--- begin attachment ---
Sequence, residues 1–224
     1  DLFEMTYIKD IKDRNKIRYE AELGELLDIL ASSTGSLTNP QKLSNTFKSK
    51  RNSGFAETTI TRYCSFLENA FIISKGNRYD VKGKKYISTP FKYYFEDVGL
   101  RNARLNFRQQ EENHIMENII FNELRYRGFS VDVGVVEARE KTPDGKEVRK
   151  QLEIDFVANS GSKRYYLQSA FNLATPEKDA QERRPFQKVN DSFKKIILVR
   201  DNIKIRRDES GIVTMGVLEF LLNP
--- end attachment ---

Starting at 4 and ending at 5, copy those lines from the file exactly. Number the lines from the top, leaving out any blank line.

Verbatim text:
   101  RNARLNFRQQ EENHIMENII FNELRYRGFS VDVGVVEARE KTPDGKEVRK
   151  QLEIDFVANS GSKRYYLQSA FNLATPEKDA QERRPFQKVN DSFKKIILVR